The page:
While it does hitch it’s wagon to the idea of a grounded superhero world, it does so with a knowing smirk. It’s never overly dour, and it actually works really well as a contrast to the absolute craziness of the Tick, who is very much the character he’s always been. Peter Serafinowicz was just a spot on choice to play the character, as he’s no stranger to this kind of absurdist comedy (I highly recommend his works on British programs like Spaced, Look Around You, and the Peter Serafinowicz Show), and he just perfectly embodies this character for a new era. Patrick Warburton is not forgotten, but I think the new guy might end up proving to be the definitive version of the character.
That said, I’m still a bit on the fence regarding his costume. I’m hoping it will grow on me, but the chitin like aesthetic feels a little too on the nose for the character. To me, one of the running jokes of the character, is that he’s not particularly tick-like. Other than insect like antennae, it always just felt like a name to call him because he needed a name. In a similar vein, I don’t know how I feel about the design of Arthur’s costume, or the need to give it an origin story. I can’t tell if this is just a pastiche on the idea modern superhero stories getting overly focused on explaining the why of every item in a superhero arsenal or just a way to explain why this guy would end up in a costume, but ultimately, I feel like I would have preferred something a little simpler, like they did with Superian’s costume. But perhaps I’ll come around on both my aesthetic issue with the Tick’s design and Arthur’s costume as the series progresses.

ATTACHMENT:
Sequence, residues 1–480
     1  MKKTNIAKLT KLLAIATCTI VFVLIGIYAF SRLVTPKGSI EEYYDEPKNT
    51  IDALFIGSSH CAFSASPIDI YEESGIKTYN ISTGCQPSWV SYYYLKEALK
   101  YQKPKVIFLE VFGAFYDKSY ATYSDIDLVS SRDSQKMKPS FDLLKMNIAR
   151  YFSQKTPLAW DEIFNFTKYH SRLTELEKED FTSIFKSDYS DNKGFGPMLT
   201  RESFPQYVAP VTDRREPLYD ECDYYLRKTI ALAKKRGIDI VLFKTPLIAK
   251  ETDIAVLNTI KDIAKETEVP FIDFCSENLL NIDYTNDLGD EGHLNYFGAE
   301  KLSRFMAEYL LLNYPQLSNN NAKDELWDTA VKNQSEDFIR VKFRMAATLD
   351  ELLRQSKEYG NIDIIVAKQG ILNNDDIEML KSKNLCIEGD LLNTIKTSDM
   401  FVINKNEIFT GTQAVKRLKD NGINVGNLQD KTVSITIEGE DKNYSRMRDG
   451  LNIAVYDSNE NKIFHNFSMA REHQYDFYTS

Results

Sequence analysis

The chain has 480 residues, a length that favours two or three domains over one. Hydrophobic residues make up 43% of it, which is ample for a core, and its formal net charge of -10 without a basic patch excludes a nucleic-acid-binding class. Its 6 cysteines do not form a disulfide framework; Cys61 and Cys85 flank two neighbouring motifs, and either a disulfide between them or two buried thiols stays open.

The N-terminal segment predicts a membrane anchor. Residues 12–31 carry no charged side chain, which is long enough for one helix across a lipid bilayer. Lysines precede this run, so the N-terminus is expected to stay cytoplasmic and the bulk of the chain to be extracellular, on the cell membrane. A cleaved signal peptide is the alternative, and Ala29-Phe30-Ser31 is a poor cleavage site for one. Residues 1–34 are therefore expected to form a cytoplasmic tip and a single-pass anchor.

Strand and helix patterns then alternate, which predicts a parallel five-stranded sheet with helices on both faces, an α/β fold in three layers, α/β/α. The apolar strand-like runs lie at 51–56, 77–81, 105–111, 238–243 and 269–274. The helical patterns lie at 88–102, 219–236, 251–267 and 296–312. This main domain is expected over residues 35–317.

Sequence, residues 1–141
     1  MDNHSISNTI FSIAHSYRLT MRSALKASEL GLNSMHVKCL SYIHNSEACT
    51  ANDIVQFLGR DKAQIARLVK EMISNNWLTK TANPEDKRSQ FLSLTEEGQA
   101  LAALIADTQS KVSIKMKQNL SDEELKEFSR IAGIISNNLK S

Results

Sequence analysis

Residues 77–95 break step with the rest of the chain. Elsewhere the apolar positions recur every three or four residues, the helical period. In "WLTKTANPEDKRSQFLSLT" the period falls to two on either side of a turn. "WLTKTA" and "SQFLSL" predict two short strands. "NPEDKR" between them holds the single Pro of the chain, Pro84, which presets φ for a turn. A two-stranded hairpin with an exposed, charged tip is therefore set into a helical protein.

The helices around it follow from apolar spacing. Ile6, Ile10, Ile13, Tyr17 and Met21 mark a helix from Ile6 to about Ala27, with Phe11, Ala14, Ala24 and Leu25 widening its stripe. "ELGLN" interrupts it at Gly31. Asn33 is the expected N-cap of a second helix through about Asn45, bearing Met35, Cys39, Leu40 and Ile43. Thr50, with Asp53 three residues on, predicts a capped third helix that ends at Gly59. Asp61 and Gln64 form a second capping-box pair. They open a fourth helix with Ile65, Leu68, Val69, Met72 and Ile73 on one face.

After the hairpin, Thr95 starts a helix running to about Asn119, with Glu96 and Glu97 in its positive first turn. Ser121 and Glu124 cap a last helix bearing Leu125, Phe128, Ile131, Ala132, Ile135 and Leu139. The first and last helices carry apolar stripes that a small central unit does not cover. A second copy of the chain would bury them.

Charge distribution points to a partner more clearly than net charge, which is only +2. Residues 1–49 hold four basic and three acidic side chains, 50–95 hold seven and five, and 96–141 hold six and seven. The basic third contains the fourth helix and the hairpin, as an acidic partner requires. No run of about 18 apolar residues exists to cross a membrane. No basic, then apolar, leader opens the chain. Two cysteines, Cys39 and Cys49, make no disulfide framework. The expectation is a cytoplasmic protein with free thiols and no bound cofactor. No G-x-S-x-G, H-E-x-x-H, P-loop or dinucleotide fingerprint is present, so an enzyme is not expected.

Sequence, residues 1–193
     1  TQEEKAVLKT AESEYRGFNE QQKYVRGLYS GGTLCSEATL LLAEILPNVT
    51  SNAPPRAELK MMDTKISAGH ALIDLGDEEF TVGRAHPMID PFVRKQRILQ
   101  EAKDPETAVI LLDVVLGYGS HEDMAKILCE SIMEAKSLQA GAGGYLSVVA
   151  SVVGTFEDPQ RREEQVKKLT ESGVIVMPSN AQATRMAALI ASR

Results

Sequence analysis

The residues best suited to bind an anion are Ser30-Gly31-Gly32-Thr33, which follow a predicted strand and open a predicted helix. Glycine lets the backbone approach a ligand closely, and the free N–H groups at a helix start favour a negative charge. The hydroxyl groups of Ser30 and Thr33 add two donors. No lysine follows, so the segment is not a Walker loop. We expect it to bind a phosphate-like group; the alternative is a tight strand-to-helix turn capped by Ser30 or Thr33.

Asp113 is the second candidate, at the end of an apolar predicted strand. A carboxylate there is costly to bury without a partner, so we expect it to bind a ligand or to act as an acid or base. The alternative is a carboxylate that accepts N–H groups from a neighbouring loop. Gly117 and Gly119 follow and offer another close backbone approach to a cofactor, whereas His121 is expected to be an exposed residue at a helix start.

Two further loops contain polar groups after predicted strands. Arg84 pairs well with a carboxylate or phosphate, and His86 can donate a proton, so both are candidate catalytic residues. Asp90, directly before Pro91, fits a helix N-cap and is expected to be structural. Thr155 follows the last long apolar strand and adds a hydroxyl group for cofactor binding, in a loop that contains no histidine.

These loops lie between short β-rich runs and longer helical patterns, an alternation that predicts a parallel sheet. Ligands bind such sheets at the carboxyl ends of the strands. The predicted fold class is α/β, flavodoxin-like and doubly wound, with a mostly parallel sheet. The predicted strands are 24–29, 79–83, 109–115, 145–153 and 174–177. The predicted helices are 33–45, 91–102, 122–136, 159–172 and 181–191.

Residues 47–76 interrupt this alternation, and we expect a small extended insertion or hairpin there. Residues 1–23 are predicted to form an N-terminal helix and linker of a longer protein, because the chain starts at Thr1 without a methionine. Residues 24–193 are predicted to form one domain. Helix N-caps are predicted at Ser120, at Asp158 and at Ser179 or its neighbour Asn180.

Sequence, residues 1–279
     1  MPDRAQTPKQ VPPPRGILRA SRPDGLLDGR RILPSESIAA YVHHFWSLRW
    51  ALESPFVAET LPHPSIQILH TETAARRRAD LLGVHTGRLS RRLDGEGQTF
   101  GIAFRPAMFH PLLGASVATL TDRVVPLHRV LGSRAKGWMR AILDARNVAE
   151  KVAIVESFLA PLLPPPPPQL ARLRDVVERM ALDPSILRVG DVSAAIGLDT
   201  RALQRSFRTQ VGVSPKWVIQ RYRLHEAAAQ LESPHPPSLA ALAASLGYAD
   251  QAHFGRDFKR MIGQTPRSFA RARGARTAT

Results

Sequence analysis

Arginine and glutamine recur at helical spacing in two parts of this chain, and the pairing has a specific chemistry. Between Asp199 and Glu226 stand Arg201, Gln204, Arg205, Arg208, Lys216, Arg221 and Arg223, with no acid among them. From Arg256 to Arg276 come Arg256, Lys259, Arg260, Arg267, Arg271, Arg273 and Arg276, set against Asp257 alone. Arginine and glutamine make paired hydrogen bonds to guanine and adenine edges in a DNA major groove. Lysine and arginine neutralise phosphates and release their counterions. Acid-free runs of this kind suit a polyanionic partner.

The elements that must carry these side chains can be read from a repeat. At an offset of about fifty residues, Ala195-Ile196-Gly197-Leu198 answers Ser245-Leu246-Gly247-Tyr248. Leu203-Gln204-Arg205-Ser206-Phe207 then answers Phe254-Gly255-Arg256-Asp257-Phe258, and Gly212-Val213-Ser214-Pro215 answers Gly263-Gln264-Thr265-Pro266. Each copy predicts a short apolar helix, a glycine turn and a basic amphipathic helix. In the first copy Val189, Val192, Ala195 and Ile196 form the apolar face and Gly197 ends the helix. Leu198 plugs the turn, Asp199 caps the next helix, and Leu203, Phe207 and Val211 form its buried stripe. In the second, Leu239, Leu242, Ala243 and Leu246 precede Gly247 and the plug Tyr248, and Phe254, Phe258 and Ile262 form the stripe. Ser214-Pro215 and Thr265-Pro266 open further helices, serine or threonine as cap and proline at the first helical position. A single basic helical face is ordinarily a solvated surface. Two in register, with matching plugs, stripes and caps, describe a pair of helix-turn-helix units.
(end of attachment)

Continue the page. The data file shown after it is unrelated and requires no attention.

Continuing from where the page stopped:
Other notable performances are from Griffin Newman and Jackie Earle Haley. Newman is playing a familiar yet different version of Arthur, and it really fits the tone of the series. Jackie Earle Haley get very limited screen time as the Terror in this first episode, but I’m hoping to see much more of him as the series progresses, because he is just a delight. He is just gleefully evil, and was so fun to watch in just a few minutes on screen.
I’m hoping that the Tick gets picked up for a full series, and you can help it do that by going to Amazon.com, checking it out, and then giving it a rating. It deserves a chance to move forward, and I’m excited to see more of what they have in mind. This could be a brand new era for our favorite big blue lunkhead. and that alone makes me want to go out and yell “SPOOOOOOOOOOOOON!”